that I've been running varsity. Your article was so descriptive that it

made me feel as though I was funning right along beside you. Thank you

for giving others just a small taste of what is like to run the 1600m

relay. I've run other races, from a 5K to the 100m, but none of them

come close to matching the

power of the mile relay. Thanks again!

- Karen LeMar




I need your help.

On June 21, 1997, I will be running in the Anchorage Marathon - 26.2

miles in Anchorage, Alaska, to benefit the Leukemia Society of America.

I'm doing this as a member of the Leukemia Society's "Team In Training".

I will be running in honor of Travis Lewis. Travis is 7 years old, and

is running a much tougher race - the race for his life against Leukemia.

I am asking you to sponsor me in this marathon. My goal is to raise

$3,500 to benefit Austin/San Antonio area Leukemia patients and their

families. With a pledge of $1.00, $2.00, $5.00 or more per mile or

whatever sum you would like to donate, you will help Travis and I reach

our goal. Maybe one day, he will be the one running a marathon!

If you are interested in making a donation, please return the pledge

form below. Also, please e-mail and let me know you've donated, I sure

appreciated it!

Thank you in advance for your support.


Mike Clark <mclark@austx.tandem.com>


Return Pledge Card to:

Leukemia Society of America


815-A Brazos

Suite 226, Austin, Texas 78071


YES! I will help conquer leukemia in recognition of the efforts of:

Mike Clark - Team in Training, Austin, Tx. Runner

I will be a SPONSOR at the following level:

__ $1 per mile = $26 __ $ 5 per mile = $130

__ $2 per mile = $52 __ $10 per mile = $260

__ Other Amount = $__________


__ My check is enclosed.

__ Charge my donation to my credit card:

( ) Mastercard ( ) Visa ( ) Amex

Cardholder Name:______________________________


Exp. Date:____________________________________




Phone________________________ Date____________


*Make checks payable to the LEUKEMIA SOCIETY

**Contributions are 100% tax deductible, you will receive confirmation

from the Leukemia Society for tax purposes.



I am interested in promoting running in Malaysia and have looked at many

advertisements where runners are able to help contribute to patients of

leukemia, cancer, etc. Is there anyone out there who can give me a brief

outline on how we can contribute to this

cause; how to organize such an event?


Daniel Siew <sch@shoppe.com.my>






Just announced is the Oigawa Marathon Course in Shizuoka Prefecture,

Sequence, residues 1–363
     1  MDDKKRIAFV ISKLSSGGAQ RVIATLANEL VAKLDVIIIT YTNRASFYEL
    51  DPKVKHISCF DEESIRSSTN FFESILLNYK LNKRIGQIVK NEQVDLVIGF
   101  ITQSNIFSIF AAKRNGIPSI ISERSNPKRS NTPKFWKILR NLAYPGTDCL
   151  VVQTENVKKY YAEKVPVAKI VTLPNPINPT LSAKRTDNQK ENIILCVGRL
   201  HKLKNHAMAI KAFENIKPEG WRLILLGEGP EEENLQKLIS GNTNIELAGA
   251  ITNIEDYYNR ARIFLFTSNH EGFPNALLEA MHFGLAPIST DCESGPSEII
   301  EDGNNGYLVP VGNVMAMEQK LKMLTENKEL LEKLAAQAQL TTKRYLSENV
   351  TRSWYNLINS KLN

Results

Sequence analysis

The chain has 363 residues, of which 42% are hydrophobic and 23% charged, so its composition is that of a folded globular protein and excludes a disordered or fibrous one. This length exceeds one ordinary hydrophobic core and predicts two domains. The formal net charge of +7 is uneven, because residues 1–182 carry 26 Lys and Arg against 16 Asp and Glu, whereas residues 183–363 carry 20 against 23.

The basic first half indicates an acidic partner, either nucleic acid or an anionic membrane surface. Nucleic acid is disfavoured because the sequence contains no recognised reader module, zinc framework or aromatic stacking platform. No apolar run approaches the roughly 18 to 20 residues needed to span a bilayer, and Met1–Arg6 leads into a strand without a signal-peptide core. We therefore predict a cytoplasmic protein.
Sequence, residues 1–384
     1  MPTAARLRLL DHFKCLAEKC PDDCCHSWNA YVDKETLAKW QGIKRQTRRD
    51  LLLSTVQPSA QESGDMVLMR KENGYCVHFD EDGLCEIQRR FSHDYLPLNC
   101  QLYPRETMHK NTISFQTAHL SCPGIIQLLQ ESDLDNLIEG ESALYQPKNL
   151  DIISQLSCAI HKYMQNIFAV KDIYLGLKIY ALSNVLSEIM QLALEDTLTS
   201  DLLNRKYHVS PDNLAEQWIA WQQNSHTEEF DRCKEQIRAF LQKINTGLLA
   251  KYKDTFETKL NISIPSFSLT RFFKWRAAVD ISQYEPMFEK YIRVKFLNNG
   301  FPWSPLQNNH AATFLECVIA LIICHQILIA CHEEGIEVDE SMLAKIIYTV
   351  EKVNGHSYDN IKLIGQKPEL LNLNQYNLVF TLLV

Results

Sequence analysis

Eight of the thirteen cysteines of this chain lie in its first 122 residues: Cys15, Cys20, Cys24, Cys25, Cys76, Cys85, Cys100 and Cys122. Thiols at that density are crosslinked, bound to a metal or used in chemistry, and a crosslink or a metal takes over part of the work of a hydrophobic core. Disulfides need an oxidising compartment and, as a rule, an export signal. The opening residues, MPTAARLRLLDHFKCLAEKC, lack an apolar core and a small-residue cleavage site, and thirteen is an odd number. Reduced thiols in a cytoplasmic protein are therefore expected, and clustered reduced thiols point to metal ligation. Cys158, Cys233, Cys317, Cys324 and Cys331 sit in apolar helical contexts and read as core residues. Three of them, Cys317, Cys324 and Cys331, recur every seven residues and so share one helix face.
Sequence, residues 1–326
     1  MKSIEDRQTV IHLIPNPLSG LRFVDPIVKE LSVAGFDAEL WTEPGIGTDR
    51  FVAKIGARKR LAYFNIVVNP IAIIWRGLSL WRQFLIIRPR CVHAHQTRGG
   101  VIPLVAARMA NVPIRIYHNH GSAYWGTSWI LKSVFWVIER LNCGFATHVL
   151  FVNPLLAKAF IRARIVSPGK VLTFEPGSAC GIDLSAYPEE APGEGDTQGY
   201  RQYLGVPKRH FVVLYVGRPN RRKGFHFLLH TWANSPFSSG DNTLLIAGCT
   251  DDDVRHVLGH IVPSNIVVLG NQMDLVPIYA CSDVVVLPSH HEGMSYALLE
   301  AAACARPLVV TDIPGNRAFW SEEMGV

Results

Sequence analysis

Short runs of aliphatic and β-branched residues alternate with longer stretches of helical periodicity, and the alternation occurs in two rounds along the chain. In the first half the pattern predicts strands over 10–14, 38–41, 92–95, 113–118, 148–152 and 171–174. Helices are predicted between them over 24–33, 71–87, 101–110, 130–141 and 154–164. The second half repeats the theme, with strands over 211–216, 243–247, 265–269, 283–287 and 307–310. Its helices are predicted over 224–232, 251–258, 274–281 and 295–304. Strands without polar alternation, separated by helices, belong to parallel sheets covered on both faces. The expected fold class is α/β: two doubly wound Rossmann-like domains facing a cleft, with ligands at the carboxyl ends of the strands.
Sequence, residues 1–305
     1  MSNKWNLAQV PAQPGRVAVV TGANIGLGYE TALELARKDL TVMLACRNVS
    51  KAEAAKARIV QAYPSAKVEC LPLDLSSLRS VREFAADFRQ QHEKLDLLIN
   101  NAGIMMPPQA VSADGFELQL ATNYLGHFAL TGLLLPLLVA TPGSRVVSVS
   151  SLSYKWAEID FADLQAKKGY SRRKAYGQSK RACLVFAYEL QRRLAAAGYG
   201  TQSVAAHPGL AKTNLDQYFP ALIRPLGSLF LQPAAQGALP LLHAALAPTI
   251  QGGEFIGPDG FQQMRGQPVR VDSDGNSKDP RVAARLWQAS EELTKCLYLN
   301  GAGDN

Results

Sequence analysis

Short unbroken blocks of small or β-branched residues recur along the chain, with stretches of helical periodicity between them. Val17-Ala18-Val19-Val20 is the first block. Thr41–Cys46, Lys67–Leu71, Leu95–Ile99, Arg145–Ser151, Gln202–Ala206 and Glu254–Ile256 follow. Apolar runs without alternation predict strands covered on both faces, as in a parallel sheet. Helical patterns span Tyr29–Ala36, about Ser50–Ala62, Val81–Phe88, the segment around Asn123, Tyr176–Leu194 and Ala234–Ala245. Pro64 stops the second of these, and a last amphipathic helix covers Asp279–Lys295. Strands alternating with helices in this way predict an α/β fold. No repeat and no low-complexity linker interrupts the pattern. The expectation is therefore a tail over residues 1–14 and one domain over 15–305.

Japan. Live pictures will be shown on


of the opening ceremony and run on May 10, 9:00am JST (0:00 GMT).

Viewers can donate $30 to plant a tree along this course. The tree will

have a plaque with their name on it.

What is so special about this new course? The entire course is a

rubberized urethane surface. It will be the only dedicated marathon

course in Japan. The route is 21.0975 km long allowing a full marathon

run by going out and back. The mileage on this 2 meter wide synthetic

surface course will be marked by signs. The course runs along the

Oigawa river in the heart of Shizuoka Prefecture (halfway between Tokyo

and Osaka), Japan. Runners can run solo along the natural river habitat

undisturbed by car traffic.

If you have questions please contact Michael Stevens at:



The Pittsburgh Marathon, which is the selection race for the mens

marathon in this summer's World Track and Field Championships, will

offer a $25,000 bonus to any US male who runs faster than 2:12:57. That

mark is the current US citizen record for Pittsburgh.

In the windy city, there is a bigger incentive. This time the cash will

not be limited to Americans. Any runner who can break the current world

record for the mens or womens marathon at Chicago will get an extra

$100,000 to take home.


One fact has been missing from all the reports about Morroco's Hicham El

Guerrouj's new indoor world record in the mile. His time of 3:48.45

broke Eamonn Couglan's 14 year old record on the boards, but it broke

another record that had never fallen in the history of track and field.

The record mile race was held in Ghent, Belgium. This marks the first

time ever that the men's indoor world mile record has been set off of

American soil!





RUNNER'S NICHE has a web page! We have some cool links, and past issues

can be downloaded there. Also, we have a Macintosh training log program

for free download. Features are continuously being added. If you'd like

to visit, the URL is:

http://home.netone.com/~woodyg3/runiche.html .

Pass the address on to your friends!